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Billy Mundi played with the Buffalo Springfield at that time as well, so dunno how much opportunity there is for such a lineup . . . but I'm ready for it.

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 Post subject:
PostPosted: Sat Feb 24, 2007 1:20 pm 
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I agree that '67 is grossly under represented.


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 Post subject:
PostPosted: Mon Feb 26, 2007 10:21 am 
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I vote for the Family to release these puppies!

But ,I realize that I don't matter one wit to the Z Family. So we'll wait long and hard......... :P :cry:


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 Post subject: Re: '67 Mothers
PostPosted: Tue Feb 27, 2007 4:53 am 
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punknaynowned wrote:
30-Sep 1967, Konserthuset, Stockholm, Sweden
40 min, FM, A-
You Didn't Try To Call Me, Petrouska (Stravinsky), Bristol Stomp (Appel-Mann), Baby Love (Supremes), Big Leg Emma, No Matter What You Do (and Tchaikovsky's 6th), Blue Suede Shoes, Hound Dog, Gee, King Kong, It Can't Happen Here

FZ: guitar/vocals
Ray Collins: tambourine/vocals
Roy Estrada: bass/vocals
Don Preston: piano
Ian Underwood: alto sax
Bunk Gardner: tenor sax
Motorhead Sherwood: baritone sax
Jimmy Carl Black: drums
Billy Mundi: drums

Image

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PostPosted: Tue Feb 27, 2007 5:48 am 
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I've always wondered about that song "No Matter What You Do". Is it an original? I haven't been able to find a songwriting credit on the internet for it, and haven't seen it anywhere but on the Jelly set. Not a fantastic song, but I'm still curious.

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PostPosted: Tue Feb 27, 2007 6:20 am 
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feetlightup wrote:
I've always wondered about that song "No Matter What You Do". Is it an original? I haven't been able to find a songwriting credit on the internet for it, and haven't seen it anywhere but on the Jelly set. Not a fantastic song, but I'm still curious.

From The Zappa Patio:
"No Matter What You Do" is also known as "I Don't Care How You Treat Me," and is probably written by Zappa (one musician plays Tchaikovsky's 6th symphony in the background). Apparently, Zappa gave the intro to the Animals when he produced their Animalism album.
My note: Zappa did not produce the Animalism album. Rather, he arranged two of the songs on the album, which was produced by Tom Wilson, the same guy that produced Freak Out! and Absolutely Free.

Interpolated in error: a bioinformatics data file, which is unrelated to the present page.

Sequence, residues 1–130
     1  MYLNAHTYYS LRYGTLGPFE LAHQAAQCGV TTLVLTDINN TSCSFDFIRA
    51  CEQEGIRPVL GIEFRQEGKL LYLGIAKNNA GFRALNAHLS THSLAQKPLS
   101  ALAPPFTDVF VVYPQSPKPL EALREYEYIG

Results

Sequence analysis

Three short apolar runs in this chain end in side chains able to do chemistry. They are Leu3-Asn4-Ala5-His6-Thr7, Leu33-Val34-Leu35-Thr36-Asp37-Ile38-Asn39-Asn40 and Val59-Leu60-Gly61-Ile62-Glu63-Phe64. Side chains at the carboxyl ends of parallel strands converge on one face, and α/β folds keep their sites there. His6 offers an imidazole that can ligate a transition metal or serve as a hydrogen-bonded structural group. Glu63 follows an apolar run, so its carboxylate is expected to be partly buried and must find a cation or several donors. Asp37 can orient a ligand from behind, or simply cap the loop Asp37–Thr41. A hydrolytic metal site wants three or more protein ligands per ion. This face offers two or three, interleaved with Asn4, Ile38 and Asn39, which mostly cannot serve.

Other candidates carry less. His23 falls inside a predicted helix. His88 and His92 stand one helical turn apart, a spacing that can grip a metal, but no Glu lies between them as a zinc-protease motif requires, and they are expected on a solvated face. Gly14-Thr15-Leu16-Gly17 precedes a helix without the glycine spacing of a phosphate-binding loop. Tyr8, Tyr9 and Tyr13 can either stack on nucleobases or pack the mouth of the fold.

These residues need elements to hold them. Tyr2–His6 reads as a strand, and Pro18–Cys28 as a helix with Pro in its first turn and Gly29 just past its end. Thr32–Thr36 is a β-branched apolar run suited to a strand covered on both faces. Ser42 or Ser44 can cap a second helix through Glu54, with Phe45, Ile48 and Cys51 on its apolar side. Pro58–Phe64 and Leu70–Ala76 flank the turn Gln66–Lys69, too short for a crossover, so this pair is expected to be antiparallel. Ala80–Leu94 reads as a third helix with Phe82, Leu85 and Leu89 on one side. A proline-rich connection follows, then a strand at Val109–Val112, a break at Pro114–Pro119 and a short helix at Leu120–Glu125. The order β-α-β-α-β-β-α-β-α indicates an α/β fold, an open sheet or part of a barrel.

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Last edited by jimmie d killed the forum on Tue Feb 27, 2007 6:31 am, edited 2 times in total.

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PostPosted: Tue Feb 27, 2007 6:25 am 
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Thanks, jimmie d.

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PostPosted: Tue Feb 27, 2007 7:00 am 
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jimmie d killed the forum wrote:
Apparently, Zappa gave the intro to the Animals when he produced their Animalism album.
My note: Zappa did not produce the Animalism album. Rather, he arranged two of the songs on the album, which was produced by Tom Wilson, the same guy that produced Freak Out! and Absolutely Free.


Ah! I was gonna say... that's news to me! 8)

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PostPosted: Tue Feb 27, 2007 9:10 am 
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yes Jimmie D, Jelly is the only legit release of 67 confirmed gigs in the period . . . I love it, yes! I love the systematic nature of it, the 'first we'll play <blah> followed by <blah>' and so on. Then when he's got a pattern laid out and shown they can play a variety of rather different kinds of music, then they push it and push it farther yet.
Hearing the other couple tapes in this period and seeing the variety he puts into those shows, it seems to me that we might learn more about his method or actually the proto-method, the one once established would be broken and retried and then have something to be able to compare with. But we don't get this with just a single show, there would have to be multiples to compare. And as you know, every night was different, and this exposition would be a way to show that and show 'progress!' . . .

Joe has said there are tapes in the vault that were recorded by FZ but not PROPERLY recorded, but Joe didn't elaborate. He said he'd listen to 'em and intimated that the Copenhagen show might be one -- which makes sense since that is the one that the Ian Underwood whips it out hails from.